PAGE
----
Drinking is fundamental.
With that thought in mind, DDB New York and Water Is Life have authored a Drinkable Book that not only educates at-risk populations on sanitation and hygiene, but also provides a means to purify contaminated water.
The pages are coated with microscopic particles of silver. When water passes through, more than 99 percent of harmful bacteria—like cholera, E. coli and typhoid—are destroyed, and the resulting liquid is safe to drink. Theresa Dankovich, a chemist, invented the paper. The text, printed in food-quality ink, provides basic safety information, such as reminders to keep trash and feces away from water supplies. The filter paper costs pennies to produce, and a single book can provide a person with drinkable water for up to four years.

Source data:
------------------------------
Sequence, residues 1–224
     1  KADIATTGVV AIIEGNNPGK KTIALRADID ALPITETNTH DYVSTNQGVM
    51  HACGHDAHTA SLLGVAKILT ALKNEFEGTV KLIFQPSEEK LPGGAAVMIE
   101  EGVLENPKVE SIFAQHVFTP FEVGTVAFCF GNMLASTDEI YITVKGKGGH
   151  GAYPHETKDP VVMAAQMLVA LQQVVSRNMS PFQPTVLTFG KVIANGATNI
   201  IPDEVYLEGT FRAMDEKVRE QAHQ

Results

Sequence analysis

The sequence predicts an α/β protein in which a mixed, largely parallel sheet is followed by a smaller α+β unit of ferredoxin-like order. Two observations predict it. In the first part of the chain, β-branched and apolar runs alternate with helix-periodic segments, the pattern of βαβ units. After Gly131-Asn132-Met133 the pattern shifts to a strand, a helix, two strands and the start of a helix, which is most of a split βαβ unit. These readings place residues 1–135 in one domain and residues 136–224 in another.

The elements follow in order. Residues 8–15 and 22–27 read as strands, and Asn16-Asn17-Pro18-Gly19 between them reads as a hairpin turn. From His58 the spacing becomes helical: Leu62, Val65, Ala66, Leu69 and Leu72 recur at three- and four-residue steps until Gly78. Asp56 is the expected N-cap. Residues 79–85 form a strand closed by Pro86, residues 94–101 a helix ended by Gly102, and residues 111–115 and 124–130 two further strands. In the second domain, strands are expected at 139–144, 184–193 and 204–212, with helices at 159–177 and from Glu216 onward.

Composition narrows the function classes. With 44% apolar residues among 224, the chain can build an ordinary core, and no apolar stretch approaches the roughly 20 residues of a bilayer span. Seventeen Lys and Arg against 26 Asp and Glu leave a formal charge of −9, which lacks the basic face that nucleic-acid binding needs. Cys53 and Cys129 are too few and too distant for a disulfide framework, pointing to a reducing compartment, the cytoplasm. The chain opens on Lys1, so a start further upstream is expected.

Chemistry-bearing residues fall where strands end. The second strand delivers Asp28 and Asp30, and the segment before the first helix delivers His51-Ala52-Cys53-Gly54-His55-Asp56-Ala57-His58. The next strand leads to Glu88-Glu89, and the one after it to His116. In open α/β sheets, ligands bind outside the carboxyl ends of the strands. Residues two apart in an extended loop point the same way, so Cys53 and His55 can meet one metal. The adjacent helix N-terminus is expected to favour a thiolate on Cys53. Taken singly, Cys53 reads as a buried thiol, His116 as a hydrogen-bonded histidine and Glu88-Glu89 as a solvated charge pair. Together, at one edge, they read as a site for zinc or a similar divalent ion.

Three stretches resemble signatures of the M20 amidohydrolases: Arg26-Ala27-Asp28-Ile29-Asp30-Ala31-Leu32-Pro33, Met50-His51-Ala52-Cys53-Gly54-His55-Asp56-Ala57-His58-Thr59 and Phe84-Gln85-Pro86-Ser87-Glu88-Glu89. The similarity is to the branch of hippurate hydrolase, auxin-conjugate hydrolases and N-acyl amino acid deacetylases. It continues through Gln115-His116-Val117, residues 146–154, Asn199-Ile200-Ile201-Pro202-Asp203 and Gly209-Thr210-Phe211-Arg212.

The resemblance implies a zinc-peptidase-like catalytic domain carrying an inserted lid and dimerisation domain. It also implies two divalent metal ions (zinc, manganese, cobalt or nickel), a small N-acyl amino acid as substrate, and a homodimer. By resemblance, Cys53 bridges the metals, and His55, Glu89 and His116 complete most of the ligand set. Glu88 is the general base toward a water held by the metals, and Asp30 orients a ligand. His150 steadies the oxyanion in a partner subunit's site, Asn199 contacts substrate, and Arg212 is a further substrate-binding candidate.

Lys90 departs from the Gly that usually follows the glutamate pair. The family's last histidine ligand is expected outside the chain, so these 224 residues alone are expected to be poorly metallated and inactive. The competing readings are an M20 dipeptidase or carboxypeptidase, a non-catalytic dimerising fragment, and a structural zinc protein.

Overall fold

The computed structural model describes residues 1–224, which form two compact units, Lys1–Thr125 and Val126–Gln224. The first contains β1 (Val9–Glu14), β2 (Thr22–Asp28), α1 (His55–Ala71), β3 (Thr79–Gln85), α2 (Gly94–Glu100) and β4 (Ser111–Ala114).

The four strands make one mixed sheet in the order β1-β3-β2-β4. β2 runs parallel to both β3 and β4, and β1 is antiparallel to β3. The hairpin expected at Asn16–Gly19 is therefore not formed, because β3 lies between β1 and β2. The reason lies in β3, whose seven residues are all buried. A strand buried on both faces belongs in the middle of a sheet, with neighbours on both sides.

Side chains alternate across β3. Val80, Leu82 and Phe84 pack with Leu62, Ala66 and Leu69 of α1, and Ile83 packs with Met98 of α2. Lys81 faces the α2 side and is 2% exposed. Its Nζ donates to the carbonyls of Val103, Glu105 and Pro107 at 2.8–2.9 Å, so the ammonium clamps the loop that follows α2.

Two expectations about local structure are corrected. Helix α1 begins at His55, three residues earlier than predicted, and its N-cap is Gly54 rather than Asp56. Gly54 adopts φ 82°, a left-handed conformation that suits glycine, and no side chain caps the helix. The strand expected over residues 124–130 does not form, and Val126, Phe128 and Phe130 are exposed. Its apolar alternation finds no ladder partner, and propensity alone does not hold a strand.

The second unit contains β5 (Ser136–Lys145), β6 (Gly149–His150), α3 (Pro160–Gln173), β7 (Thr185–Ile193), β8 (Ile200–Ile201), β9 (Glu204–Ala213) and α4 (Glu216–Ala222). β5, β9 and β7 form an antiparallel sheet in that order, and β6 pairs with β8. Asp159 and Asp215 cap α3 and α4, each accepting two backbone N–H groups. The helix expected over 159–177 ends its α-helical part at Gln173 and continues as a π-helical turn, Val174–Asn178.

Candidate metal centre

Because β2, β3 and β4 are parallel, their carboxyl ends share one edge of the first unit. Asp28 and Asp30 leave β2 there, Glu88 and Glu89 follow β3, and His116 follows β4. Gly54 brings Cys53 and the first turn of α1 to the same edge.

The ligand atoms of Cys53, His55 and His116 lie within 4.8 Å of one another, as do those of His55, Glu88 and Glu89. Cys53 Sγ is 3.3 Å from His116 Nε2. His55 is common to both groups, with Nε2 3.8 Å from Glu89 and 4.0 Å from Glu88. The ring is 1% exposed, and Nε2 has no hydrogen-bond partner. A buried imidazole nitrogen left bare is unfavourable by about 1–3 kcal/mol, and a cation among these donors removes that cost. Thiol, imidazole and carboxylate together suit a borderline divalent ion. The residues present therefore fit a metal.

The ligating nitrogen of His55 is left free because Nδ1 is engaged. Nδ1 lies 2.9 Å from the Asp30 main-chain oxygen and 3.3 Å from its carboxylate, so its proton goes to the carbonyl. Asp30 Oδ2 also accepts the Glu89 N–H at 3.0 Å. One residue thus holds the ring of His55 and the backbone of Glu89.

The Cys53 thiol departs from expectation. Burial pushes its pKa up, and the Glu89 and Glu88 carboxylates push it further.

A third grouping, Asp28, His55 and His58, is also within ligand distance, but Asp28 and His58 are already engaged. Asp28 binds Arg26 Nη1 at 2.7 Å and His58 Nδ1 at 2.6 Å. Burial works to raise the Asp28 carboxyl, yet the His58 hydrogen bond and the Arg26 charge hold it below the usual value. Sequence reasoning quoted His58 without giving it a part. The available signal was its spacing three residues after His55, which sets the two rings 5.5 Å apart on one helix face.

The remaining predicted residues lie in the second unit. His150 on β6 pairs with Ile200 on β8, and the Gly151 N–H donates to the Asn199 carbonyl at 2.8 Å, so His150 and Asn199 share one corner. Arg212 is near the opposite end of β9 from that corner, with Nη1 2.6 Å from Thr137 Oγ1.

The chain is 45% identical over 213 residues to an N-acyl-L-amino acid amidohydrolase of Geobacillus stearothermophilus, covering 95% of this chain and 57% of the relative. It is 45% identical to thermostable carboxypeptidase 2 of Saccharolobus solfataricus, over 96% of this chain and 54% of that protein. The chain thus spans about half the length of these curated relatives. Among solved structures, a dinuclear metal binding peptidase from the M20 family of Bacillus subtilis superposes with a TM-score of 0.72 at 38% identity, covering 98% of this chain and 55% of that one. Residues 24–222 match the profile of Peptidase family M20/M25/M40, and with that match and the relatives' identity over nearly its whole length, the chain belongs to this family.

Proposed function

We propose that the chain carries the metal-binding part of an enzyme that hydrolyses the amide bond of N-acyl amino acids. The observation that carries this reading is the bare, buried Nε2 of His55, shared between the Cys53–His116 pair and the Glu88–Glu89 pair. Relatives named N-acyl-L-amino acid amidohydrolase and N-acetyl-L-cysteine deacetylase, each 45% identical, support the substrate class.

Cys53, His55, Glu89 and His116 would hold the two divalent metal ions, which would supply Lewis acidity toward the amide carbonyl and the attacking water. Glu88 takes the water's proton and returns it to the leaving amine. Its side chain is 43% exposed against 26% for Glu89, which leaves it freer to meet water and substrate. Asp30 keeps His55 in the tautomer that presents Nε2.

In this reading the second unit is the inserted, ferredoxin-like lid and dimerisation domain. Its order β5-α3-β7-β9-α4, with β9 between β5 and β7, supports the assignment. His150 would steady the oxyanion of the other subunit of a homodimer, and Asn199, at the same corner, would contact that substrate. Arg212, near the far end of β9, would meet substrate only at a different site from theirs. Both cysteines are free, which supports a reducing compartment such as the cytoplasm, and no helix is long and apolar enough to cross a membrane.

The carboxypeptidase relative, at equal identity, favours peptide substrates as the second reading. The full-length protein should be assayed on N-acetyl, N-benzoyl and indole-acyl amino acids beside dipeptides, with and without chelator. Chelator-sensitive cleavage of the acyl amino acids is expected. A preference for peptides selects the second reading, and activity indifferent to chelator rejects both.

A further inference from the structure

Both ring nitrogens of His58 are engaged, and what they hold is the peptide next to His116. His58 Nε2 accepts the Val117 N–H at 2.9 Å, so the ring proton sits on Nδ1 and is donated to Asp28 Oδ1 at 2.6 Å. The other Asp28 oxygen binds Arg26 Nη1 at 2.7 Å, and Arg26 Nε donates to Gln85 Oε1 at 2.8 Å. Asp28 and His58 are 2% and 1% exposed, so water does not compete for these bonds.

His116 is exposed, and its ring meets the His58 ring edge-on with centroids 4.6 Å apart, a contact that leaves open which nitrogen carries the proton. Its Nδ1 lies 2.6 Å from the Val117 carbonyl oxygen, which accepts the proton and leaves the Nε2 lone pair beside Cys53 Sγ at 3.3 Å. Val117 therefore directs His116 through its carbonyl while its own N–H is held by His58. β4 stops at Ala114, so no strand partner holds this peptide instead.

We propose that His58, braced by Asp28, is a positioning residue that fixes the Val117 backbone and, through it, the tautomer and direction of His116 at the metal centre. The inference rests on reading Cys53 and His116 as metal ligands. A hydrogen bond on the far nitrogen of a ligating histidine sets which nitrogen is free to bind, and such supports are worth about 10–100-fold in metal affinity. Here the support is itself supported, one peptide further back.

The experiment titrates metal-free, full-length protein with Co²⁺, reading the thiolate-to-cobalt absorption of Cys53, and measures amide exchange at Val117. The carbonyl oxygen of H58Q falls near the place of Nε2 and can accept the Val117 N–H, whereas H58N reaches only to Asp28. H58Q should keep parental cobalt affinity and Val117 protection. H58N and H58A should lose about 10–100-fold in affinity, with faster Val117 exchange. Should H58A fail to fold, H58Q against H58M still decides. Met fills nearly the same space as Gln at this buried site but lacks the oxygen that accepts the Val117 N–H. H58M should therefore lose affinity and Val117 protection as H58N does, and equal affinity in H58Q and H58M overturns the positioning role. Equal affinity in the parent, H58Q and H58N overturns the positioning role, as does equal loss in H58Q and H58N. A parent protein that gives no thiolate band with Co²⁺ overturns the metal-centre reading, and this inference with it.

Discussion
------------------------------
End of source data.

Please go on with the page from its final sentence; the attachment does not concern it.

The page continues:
DDB and Water Is Life have teamed up before on notable humanitarian efforts. These include an award-winning campaign that saw impoverished Haitians read actual tweets that people jokingly marked with the #FirstWorldProblems hashtag, and "Kenya Bucket List," which focused on what third-world kids hope to accomplish in their lives.
The Drinkable Book is a refreshingly creative (but practical) approach that marks a new chapter in combining communications with real-world action, a direction also championed by the Peruvian billboards that generate clean air and water.